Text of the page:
The Miraculous Crucifix of Our Lord of the Poison

 

 

From Miraculous Images of Our Lord, by Joan Carroll Cruz, published by TAN Books and Publishers (1993) Used with permission. Right photo from [here].

 

The almost life-size figure of the crucified Savior which was enshrined above an altar in the Dominican church named Porta Coeli was customarily visited by a holy priest whose name has been lost to us. After praying before the seventeenth-century image, the priest always finishes his devotions by reverently kissing the feet of the Crucified.

One day, while an enemy of Christianity prowled about the church, the saw the priest devoutly kissing the feet of the image of Our Lord. After learning that it was the custom of the holy priest to visit the crucifix each day and kiss it, the scoundrel devised a sacrilegious plan. When the church was empty, the enemy stole inside and approached the crucifix. Taking from his clothing a bottle and a small cloth, he carefully poured a liquid onto the cloth and then rubbed the cloth on the feet of the Crucified. The liquid was a deadly poison whose effects had been proven to be almost instantaneous.

When the cleric next visited his beloved Crucifix he prayed, as was custom, and then approached the feet for the usual kiss. But as he prepared to kiss the image, the Crucified, always a flesh color, turned immediately to jet black. Horror-stricken at the sudden change, the priest stood motionless while the witnesses, thoroughly terrified at what they had seen, rushed outside to notify the people in he street.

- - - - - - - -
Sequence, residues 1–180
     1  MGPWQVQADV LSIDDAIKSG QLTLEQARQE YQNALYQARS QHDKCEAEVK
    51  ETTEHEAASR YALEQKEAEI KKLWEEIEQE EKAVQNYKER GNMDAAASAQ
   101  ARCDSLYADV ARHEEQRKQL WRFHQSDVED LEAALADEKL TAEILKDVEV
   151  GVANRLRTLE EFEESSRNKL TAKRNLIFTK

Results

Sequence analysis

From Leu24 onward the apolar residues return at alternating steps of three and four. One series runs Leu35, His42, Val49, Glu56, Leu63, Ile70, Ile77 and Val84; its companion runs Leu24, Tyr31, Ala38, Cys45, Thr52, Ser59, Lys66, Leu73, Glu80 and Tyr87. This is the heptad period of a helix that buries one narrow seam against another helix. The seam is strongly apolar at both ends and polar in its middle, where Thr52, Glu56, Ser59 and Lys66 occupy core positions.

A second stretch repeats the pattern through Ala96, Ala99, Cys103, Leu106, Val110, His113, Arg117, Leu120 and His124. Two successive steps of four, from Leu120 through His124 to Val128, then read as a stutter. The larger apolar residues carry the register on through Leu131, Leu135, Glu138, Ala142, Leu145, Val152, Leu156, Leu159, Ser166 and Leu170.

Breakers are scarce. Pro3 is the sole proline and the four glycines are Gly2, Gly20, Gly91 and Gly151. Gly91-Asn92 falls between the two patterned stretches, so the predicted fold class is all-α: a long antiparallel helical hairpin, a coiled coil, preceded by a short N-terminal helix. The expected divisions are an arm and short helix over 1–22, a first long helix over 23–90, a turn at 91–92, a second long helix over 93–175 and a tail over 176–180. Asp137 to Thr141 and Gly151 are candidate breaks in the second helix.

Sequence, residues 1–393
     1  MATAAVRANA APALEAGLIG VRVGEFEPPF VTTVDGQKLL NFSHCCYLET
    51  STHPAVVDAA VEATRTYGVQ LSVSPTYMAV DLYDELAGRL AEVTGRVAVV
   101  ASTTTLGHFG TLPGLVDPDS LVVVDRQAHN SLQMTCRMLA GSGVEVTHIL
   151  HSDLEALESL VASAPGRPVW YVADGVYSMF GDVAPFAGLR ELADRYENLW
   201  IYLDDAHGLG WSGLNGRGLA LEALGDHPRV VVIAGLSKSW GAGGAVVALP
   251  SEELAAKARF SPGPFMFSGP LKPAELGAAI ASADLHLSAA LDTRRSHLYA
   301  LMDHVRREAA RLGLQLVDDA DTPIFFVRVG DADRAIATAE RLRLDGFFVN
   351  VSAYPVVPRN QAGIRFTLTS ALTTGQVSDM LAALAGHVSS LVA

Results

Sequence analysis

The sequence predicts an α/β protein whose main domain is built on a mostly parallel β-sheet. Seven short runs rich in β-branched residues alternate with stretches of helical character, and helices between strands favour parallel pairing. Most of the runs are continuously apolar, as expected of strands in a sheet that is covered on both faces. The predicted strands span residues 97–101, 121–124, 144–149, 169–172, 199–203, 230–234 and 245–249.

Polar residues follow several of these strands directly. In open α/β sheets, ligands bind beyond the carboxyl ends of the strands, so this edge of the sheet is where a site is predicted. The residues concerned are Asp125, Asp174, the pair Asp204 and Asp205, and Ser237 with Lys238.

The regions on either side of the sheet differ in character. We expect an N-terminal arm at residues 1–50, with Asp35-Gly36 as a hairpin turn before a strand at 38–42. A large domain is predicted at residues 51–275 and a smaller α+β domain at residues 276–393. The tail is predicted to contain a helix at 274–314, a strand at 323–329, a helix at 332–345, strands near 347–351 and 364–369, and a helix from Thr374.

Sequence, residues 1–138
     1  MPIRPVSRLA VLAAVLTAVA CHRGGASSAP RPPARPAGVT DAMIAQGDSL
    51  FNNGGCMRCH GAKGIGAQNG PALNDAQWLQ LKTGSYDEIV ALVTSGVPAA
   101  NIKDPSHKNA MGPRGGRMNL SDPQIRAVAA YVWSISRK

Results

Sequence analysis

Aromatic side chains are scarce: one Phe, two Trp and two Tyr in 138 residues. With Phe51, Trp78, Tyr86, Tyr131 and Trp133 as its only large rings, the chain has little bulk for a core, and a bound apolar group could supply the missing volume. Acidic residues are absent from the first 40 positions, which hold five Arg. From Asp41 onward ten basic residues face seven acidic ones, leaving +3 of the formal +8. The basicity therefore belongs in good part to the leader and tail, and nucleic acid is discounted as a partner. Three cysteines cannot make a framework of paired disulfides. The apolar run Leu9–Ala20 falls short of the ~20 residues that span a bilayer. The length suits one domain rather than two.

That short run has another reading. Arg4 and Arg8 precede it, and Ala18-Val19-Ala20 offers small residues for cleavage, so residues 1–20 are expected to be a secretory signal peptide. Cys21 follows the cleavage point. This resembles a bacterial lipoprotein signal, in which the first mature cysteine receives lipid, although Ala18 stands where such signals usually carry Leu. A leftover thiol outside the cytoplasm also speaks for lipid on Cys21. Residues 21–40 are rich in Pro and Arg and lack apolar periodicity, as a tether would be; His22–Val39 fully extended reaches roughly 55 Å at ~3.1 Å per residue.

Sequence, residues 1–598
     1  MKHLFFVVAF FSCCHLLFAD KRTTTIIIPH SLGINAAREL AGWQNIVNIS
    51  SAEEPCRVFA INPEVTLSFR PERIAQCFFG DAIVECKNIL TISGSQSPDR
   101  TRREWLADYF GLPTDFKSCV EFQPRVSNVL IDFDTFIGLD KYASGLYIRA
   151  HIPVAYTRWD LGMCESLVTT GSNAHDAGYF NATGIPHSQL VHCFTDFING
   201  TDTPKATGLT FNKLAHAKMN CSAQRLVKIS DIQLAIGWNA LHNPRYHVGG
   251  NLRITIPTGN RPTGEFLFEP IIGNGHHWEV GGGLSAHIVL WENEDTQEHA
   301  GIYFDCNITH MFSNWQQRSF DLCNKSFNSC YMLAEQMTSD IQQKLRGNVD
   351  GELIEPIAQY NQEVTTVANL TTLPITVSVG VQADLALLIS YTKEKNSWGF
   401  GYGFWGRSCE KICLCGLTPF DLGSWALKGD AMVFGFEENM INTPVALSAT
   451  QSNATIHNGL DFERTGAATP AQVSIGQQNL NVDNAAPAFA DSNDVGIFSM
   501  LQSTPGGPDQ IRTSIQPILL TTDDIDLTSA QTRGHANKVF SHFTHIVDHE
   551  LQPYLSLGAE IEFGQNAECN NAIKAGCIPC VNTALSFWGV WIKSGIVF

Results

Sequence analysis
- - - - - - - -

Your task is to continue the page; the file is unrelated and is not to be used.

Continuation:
When word of the miracle reached the ears of the would-be-assassin, he hurried to the church in disbelief. Upon seeing the image he fell to his knees beside the priest, and with tears of repentance told the priest of his actions. He asked forgiveness, received absolution and thereafter led a virtuous an holy life.

As a result of the miracle, the people had an even greater devotion to the image. Not only did it receive the homage of the people in the city, but countless others also came from outlying areas to offer their veneration and love.

The Holy Crucifix still receives the devotion of the Mexican people, but it especially attracts the attention of countless pilgrims who visit it after acknowledging their love and devotion to the image of Our Lady of Guadalupe. The miraculous image of Our Lord of the Poison is found in a beautiful side chapel in the Cathedral Metropolitana De Mexico in Mexico City.